What Is Showrooming?
The term showrooming refers to the practice of visiting brick-and-mortar retail stores to research merchandise before purchasing it online for a lower price. The practice allows individuals to look, touch, and test products before they spend their money, especially for higher-priced products. Showrooming became more frequent with the rise of smartphones and mobile devices. Online retailers and consumers both benefit from showrooming because of the competitive prices offered for the same products as traditional retailers.
- Showrooming is the practice of visiting brick-and-mortar retail stores to research merchandise before purchasing it online for a lower price.
- This phenomenon became popular following the rise of e-commerce and mobile devices.
- Some products still require consumers to go into a store to test them out, such as clothing, furniture, and electronics.
- Online retailers benefit and can offer free shipping to their consumers.
- Brick-and-mortar retailers are responding, offering in-store pickup, better in-store experiences, and price matching.
How Showrooming Works
Before the digital era, consumers needed to visit traditional retail stores in order to make purchases. Frugal shoppers looking for a deal had to visit more than one store to get the products they wanted at the best price. But the rise of mobile devices and online shopping changed the way consumers shop.
Consumers may still need to visit retailers for various reasons before they make purchases. For instance, someone who wants to purchase clothing may need to try on a pair of jeans to ensure they buy the right size. Or they may want to test out a sofa at a furniture or department store before committing to such a large purchase.
Going into a store allows customers to test out products like these before making the decision to buy them. It also permits them to comparison shop—even while they're in the store. By going online, shoppers can check out which retailer has the best price. This is referred to as showrooming. Showrooming allows an individual to make purchases at the best price at that exact moment.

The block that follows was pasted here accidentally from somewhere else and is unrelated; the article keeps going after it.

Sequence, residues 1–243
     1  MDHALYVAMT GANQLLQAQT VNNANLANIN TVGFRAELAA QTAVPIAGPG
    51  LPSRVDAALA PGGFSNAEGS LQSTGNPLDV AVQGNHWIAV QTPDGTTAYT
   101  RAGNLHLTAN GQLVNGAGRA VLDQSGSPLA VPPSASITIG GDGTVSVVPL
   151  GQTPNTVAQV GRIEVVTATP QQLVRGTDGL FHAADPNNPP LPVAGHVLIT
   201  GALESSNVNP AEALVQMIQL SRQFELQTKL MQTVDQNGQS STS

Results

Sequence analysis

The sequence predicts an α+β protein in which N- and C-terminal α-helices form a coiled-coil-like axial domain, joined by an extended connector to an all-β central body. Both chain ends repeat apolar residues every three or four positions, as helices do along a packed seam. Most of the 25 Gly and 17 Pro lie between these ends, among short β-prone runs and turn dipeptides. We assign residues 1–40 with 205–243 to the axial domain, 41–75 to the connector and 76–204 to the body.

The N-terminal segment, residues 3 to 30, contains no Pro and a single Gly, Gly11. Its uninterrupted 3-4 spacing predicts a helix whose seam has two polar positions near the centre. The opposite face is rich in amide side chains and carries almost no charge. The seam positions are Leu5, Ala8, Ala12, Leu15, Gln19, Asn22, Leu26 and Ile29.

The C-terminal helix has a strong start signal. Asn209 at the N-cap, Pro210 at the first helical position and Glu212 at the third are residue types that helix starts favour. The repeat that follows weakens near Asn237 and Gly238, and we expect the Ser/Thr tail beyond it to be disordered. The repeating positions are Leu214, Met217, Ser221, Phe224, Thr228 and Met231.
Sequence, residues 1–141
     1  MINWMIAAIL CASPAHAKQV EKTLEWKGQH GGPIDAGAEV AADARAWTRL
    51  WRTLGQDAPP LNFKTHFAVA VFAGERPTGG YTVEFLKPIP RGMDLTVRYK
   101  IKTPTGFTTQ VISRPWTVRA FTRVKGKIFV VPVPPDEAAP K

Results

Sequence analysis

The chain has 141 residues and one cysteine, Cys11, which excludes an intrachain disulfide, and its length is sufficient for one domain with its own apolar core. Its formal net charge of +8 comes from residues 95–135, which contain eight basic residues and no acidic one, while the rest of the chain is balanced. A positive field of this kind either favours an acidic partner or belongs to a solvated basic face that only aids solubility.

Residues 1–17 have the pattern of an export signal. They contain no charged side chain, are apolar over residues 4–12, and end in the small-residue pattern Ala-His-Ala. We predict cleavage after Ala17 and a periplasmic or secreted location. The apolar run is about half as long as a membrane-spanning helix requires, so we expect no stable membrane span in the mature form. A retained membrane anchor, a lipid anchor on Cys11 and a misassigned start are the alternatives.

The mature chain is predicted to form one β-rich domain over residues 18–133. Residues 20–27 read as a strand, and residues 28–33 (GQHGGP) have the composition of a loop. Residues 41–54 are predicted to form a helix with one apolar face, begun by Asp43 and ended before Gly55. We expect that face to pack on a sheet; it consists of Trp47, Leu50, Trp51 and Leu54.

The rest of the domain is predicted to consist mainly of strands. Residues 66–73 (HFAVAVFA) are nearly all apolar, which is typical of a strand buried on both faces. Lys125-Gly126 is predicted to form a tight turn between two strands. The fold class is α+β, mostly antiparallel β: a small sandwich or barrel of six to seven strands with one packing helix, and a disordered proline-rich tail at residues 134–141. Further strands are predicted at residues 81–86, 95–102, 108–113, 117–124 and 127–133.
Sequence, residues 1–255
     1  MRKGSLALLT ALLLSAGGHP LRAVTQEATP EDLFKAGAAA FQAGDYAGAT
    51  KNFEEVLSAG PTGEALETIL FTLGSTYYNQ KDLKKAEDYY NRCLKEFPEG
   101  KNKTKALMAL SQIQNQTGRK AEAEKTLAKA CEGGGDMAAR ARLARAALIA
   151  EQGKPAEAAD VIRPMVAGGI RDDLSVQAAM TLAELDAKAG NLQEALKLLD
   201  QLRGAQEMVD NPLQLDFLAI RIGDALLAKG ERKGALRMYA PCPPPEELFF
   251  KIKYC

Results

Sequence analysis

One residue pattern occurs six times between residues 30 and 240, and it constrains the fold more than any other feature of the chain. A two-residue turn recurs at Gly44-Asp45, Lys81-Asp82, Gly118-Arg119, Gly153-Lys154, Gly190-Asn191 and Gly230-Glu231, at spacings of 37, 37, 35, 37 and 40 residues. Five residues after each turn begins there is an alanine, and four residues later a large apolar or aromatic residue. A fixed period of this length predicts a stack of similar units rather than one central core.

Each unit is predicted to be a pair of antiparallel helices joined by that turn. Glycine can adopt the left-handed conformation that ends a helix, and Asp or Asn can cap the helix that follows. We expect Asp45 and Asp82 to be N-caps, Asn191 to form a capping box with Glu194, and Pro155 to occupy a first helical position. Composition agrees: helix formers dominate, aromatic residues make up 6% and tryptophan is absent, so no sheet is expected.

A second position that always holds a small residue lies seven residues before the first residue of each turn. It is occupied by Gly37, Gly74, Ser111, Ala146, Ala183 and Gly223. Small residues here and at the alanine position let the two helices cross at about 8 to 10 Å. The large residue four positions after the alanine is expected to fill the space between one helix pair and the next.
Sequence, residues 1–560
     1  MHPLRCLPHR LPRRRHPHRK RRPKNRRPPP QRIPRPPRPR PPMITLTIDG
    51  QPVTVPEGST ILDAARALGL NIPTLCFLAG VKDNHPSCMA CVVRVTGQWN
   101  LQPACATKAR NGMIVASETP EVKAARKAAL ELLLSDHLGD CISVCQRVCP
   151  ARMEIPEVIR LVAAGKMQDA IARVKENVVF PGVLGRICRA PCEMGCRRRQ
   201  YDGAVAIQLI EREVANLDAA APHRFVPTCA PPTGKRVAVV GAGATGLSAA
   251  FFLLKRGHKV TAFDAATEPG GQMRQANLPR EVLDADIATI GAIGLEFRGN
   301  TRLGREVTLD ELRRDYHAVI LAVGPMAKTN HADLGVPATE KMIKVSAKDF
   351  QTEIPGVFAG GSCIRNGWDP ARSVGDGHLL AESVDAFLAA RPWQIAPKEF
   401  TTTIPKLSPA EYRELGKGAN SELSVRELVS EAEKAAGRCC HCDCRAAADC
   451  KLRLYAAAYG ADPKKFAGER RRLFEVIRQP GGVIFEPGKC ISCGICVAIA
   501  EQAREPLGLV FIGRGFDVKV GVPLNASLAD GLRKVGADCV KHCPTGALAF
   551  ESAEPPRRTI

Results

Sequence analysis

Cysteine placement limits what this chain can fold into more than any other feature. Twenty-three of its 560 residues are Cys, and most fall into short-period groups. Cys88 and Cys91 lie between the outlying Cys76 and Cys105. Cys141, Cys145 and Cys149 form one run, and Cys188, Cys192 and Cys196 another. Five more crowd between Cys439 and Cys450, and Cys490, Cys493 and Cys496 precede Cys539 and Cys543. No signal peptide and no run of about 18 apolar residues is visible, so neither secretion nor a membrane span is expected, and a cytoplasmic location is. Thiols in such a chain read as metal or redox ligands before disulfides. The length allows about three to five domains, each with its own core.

Online retailers benefit the most from showrooming because they can offer free shipping over a certain purchase price or to valued consumers. For instance, Amazon (AMZN) offers free shipping to Prime customers. Specialty retailers like electronics stores, tend to be the most vulnerable. Consumers still want to test out this kind of merchandise before they buy. Bookstores also suffer—particularly independent stores whose prices may be higher than online retailers.
Online retailers can offer better prices for the same products because of lower overheads and, in most cases, may not charge consumers sales taxes.
To combat the growing clout of online retailers, brick-and-mortar retailers, such as Walmart (WMT) and Target (TGT), are using a number of different marketing tactics, including in-store pickup for online purchases. This helps them avoid shipping charges while they offer select products exclusively in physical stores. Other tactics include:
- better in-store experiences
- price matching
- buying online but testing out in the store
- allowing in-store returns and exchanges for online purchases
- curbside pickup, common during the COVID-19 pandemic
Smaller stores and boutiques must combat showrooming in more creative ways. Examples of this may include holding special sales, selling in-store merchandise via their website, creating membership clubs, and promoting a shop local culture.
Showrooming vs. Webrooming
Some consumers may like to research their purchases online but still purchase them in-store. This is called webrooming. It is the exact opposite of showrooming and is also referred to as reverse showrooming. With webrooming, a consumer goes online to research products and other merchandise. But rather than buying through an e-retailer, they end up going to a brick-and-mortar store to review and make their final purchase.